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Brigitte Bardot

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Several of her songs have been used as pre-show tracks.

In 2004, she was amongst the potential artists for the Meltdown Festival curated by Morrissey.

From I-D magazine, May, 2004:

"There are wispers of this MELTDOWN line-up you've been assembling.

Well, yes, I have the last three living members of The New York Dolls together for the first time, doing a set of songs from 1973-74. Which is, of course, a phenomenal piece of history for people like me. And I have the group Sparks doing a set from 1974 too, which is the year I first found them. Then there's Nancy Sinatra , Jane Birkin, Sacha Distel, hopefully Brigitte Bardot, and hopefully Francois Hardy too... I have Alan Bennett doing what he does. Hopefully Maya Angelou, who has almost said yes. Then there’s The Libertines , The Ordinary Boys, and my close friend Linder, playing solo and not with Ludus for the first time ever. It will all be very interesting. If only to me."

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French actress, recording artist and activist born September 28, 1934 in Paris, France. Most of her recording career results from collaborations, most notably with Serge Gainsbourg, Jean-Max Rivière and Gérard Bourgeois. No longer an active actress, she now devotes most of her time to her role as a leading animal rights activist.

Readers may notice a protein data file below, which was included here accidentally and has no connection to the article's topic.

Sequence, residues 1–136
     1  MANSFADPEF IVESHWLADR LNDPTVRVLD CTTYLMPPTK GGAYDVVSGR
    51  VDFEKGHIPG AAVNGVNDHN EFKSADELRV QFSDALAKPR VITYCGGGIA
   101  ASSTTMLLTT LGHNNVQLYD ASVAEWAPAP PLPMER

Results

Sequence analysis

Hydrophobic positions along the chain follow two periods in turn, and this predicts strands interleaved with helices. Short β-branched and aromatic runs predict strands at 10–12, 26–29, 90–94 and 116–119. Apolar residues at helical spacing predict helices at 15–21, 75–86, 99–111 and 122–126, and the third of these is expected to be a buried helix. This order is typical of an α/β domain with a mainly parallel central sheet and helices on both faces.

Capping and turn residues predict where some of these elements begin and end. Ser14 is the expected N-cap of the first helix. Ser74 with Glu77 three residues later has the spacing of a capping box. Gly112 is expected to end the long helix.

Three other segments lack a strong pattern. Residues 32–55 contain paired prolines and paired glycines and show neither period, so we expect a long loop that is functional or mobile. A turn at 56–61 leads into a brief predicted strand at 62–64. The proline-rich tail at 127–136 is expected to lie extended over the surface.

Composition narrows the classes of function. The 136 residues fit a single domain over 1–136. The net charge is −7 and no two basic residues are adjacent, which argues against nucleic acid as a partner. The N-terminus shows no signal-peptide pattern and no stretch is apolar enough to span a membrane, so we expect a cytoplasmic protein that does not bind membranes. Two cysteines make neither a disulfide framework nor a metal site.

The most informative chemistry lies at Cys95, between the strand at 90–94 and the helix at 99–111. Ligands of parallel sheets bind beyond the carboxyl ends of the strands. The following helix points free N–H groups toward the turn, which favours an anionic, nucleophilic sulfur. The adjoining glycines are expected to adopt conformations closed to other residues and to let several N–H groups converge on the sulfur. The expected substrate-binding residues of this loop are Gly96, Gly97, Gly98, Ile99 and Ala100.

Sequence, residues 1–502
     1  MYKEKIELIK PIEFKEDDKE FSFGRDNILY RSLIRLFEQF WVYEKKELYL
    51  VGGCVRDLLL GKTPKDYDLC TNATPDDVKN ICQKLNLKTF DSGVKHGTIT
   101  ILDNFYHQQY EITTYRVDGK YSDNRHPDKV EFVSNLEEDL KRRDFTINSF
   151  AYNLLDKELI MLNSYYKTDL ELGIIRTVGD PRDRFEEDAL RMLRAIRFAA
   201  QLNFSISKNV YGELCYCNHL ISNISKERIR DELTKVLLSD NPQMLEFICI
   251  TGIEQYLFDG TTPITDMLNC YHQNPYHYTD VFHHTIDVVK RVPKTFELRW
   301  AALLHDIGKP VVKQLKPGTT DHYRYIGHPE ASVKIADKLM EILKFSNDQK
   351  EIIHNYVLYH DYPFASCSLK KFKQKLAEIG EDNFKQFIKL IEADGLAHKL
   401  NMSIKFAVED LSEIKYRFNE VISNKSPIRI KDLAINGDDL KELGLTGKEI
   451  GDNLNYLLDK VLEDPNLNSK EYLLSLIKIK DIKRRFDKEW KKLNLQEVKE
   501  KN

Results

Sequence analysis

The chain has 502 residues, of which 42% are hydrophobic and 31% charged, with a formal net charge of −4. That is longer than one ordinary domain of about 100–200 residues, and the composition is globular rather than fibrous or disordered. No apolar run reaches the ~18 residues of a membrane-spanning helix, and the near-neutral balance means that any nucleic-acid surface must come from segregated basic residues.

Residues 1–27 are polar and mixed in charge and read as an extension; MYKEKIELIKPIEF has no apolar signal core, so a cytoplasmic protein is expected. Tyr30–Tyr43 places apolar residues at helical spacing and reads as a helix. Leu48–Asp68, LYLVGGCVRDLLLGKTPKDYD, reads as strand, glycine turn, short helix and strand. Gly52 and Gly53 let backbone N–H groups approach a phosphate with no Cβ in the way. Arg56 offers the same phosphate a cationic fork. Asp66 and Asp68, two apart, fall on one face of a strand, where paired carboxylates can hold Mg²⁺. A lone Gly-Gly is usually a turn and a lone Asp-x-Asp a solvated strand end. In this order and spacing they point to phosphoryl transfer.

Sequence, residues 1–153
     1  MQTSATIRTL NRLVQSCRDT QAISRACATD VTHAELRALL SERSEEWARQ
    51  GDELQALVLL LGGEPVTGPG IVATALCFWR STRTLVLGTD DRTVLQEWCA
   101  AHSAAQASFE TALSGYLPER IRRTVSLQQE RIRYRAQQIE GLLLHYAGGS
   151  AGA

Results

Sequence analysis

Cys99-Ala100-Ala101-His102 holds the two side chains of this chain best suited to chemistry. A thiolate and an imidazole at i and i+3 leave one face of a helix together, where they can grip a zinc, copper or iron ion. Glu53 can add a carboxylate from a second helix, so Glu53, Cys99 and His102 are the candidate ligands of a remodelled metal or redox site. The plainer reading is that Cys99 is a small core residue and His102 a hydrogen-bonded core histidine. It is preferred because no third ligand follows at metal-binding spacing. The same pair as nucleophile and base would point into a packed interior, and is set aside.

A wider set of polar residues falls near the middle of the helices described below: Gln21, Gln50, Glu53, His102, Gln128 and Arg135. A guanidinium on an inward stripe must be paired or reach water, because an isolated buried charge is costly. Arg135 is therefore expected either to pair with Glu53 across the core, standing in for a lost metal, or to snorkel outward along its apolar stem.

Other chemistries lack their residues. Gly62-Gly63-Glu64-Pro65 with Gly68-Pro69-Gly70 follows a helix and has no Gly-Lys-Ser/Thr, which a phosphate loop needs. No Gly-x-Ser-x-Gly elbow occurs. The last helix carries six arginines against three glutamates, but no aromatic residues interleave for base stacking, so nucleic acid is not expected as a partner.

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Brigitte Anne-Marie Bardot ( (listen) brizh-EET bar-DOH; French: [bʁiʒit baʁdo] (listen); born 28 September 1934), often referred to by her initials B.B., is a former French actress, singer and model. Famous for portraying sexually emancipated characters with hedonistic lifestyles, she was one of the best known sex symbols of the 1950s and 1960s. Although she withdrew from the entertainment industry in 1973, she remains a major popular culture icon.Born and raised in Paris, Bardot was an aspiring ballerina in her early life. She started her acting career in 1952. She achieved international recognition in 1957 for her role in And God Created Woman (1956), and also caught the attention of French intellectuals. She was the subject of Simone de Beauvoir's 1959 essay The Lolita Syndrome, which described her as a "locomotive of women's history" and built upon existentialist themes to declare her the first and most liberated woman of post-war France. She won a 1961 David di Donatello Best Foreign Actress Award for her work in The Truth. Bardot later starred in Jean-Luc Godard's film Le Mépris (1963). For her role in Louis Malle's film Viva Maria! (1965) she was nominated for the BAFTA Award for Best Foreign Actress. Bardot retired from the entertainment industry in 1973. She had acted in 47 films, performed in several musicals, and recorded more than 60 songs. She was awarded the Legion of Honour in 1985. After retiring, she became an animal rights activist and created the Fondation Brigitte Bardot. Bardot is known for her strong personality, outspokenness, and speeches on animal defence; she has been fined twice for public insults. She has also been a controversial political figure, having been fined five times for inciting racial hatred when she criticised immigration and Islam in France. She is married to Bernard d'Ormale, a former adviser to Jean-Marie Le Pen, a French far-right politician. Bardot is a member of the Global 500 Roll of Honour of the United Nations Environment Programme and has received awards from UNESCO and PETA. Los Angeles Times Magazine ranked her second on the "50 Most Beautiful Women In Film".